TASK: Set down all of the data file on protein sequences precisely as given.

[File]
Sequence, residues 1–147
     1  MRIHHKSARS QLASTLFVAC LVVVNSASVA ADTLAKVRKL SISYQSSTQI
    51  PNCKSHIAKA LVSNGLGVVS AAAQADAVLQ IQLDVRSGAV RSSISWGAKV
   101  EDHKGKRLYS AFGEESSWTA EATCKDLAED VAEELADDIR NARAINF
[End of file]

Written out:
Sequence, residues 1–147
     1  MRIHHKSARS QLASTLFVAC LVVVNSASVA ADTLAKVRKL SISYQSSTQI
    51  PNCKSHIAKA LVSNGLGVVS AAAQADAVLQ IQLDVRSGAV RSSISWGAKV
   101  EDHKGKRLYS AFGEESSWTA EATCKDLAED VAEELADDIR NARAINF